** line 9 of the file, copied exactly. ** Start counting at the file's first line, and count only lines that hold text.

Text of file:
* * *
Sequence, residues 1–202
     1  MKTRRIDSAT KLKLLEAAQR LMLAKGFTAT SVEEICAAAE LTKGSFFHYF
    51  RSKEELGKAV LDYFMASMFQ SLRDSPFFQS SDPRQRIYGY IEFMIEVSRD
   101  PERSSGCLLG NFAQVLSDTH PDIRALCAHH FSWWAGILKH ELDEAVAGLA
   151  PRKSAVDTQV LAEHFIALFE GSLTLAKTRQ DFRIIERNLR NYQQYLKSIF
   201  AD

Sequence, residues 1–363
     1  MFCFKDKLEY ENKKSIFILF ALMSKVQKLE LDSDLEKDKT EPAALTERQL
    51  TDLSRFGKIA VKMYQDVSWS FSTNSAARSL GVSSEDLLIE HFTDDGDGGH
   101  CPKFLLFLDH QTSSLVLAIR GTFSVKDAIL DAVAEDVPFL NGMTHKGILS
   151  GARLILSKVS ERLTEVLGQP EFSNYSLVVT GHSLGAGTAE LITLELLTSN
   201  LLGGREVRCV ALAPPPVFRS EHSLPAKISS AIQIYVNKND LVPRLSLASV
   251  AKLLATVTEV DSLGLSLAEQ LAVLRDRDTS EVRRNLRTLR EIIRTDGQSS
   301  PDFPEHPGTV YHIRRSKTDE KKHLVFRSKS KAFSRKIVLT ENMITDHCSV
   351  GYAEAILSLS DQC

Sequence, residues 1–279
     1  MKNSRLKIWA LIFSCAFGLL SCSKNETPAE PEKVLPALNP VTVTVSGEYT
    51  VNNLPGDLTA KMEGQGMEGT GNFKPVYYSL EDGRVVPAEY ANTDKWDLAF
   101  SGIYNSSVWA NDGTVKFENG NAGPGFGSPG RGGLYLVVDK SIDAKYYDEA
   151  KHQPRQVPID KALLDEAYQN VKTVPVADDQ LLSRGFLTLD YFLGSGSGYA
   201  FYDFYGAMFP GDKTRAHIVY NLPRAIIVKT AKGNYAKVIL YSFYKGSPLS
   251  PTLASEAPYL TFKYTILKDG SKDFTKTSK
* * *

    51  TDLSRFGKIA VKMYQDVSWS FSTNSAARSL GVSSEDLLIE HFTDDGDGGH